The joys of learning past tense

When I was preparing for my exam in Icelandic 3, with a “Focus is on the spoken language use in the daily life” in evening at MSS I spent a lot of time practicing the past tense for strong verbs.

At this moment I was trying to memorize the vowel changes in the first group of strong verbs.

Strong verbs in the first group include words like:

bíða - wait;            bíta - bite;            drífa - drive;
gína - gape;            grípa - grasp;          hníga - fall gently;
hrífa - catch hold;     hrína - squeal;         hvína - whistle, whine;
klífa - climb;          klípa - pinch;          kvíða - dread;
líða - elapse;          líta - look;            ríða - ride;
rífa - tear;            rísa - rise;            síga - sink;
skína - shine;          skríða - creep;         slíta - break;
sníða - cut;            stíga - step;           svíða - singe, smart;
svífa - soar;           svíkja - deceive;       víkja - yield;
þrífa - grasp, snatch; clean.

Since the vowel changes are the same all you really need to learn if a few of the words and apply the same changes to the others.

So there I am sitting in the living room, chanting out words in Icelandic. These words:

Þrífa  – Þreif – ríða – reið – þrífa – þreif – ríða – reið

Then I look over and see an absolutely horrified look on my children’s faces. I asked them if they were OK and they asked me to never, never, say that again. I didn’t really get it. I am not so cleaver in that way. I asked why, but they would not answer me.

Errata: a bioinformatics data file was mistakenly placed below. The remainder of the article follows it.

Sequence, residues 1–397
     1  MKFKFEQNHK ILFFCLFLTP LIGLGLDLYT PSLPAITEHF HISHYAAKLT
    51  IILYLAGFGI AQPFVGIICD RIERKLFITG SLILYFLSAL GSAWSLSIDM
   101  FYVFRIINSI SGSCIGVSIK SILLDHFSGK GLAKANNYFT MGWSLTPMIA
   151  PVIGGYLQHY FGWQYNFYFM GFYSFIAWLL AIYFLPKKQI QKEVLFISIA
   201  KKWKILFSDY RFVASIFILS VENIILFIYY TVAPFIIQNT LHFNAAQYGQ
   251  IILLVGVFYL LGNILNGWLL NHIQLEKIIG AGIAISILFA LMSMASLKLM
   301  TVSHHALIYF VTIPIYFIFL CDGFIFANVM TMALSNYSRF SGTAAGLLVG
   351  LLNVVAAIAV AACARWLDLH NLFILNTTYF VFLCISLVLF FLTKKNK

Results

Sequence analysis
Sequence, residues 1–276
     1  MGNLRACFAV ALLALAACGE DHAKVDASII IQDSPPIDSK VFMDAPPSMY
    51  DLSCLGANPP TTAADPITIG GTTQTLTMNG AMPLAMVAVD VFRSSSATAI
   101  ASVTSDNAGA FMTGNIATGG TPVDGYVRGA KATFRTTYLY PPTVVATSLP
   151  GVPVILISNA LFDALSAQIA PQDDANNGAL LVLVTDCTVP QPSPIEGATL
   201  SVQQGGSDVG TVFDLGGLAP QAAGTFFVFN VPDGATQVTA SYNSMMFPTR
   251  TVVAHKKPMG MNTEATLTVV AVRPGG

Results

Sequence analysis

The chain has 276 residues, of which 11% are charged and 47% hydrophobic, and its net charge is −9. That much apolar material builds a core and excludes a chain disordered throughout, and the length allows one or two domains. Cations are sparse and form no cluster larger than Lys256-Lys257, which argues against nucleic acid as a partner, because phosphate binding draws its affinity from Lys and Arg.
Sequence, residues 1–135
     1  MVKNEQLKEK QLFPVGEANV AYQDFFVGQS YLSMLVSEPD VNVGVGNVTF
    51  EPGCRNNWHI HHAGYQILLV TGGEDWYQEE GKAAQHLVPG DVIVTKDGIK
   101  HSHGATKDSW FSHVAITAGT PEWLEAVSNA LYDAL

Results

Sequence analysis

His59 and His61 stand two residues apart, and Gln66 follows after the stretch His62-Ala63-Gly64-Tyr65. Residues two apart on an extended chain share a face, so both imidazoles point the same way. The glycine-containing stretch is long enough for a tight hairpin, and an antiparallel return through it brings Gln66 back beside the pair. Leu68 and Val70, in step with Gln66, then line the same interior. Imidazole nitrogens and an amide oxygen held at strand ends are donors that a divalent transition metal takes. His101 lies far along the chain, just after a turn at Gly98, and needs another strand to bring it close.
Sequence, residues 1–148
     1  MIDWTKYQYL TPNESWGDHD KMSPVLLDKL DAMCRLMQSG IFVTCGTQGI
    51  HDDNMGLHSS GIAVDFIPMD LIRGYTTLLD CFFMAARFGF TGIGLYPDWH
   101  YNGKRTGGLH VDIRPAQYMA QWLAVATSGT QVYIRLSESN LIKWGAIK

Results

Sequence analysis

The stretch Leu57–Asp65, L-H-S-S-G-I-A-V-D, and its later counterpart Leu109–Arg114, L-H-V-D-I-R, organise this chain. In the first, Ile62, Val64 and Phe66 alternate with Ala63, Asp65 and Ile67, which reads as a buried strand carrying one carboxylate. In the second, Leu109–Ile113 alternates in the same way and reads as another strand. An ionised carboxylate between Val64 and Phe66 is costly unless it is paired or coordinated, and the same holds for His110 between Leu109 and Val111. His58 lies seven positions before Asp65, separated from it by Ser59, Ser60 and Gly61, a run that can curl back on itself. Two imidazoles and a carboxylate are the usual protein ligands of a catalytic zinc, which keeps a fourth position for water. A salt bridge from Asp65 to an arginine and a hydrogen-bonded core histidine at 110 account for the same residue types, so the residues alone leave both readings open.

I asked my husband, who laughed. It is such a good feeling to know I provide so much amusement to the who family.

So I know þrífa means clean and ríða means ride – but not like a bicycle or a horse…

So now I know that I must never say that work again, at least not chanting my way through the different forms of the verb in each person.

Var það eitthvað fleira?

When I first moved to Iceland I lived in a little apartement on Rauðarástig in Reykjavík. Across the street was a little shop that sold milk, candy and apparently ritalin which got them raided and shut down by the police a few years later, but this detail doesnt matter for this story.

My purchases from this store were all completly legal.  When ever I went to the counter the guy working as a casheir always asked: Eitthvað fleira?

He might have said the whole sentance “Var það eitthvað fleira?” and was mumbling the first half of the sentance, but who knows.

Being a new comer to Iceland I had some interest in learning the language so I asked, what “Eitthvað fleira” meant. He replied “Is that all?”.

This turned out to be my worst Icelandic lesson ever .

Years went by and everytime I went to the store and the casheir asked: “Eitthvað fleira?” I said “Já” or “Yes” and they stood there staring at me. Waiting for me to say something else.

Turned out “Var það eitthvað fleira?” actually means “Anything else?”. “Anything else” is not the same as “Is that all”.

So everytime I was in a store and the casheir asked: “Anything else?” I said “Yes” and they waited for me to add to my order or say something else.

This generally resulted in a staredown for a few secounds, then they would shake their head and finish the transaction.

Good times, good times.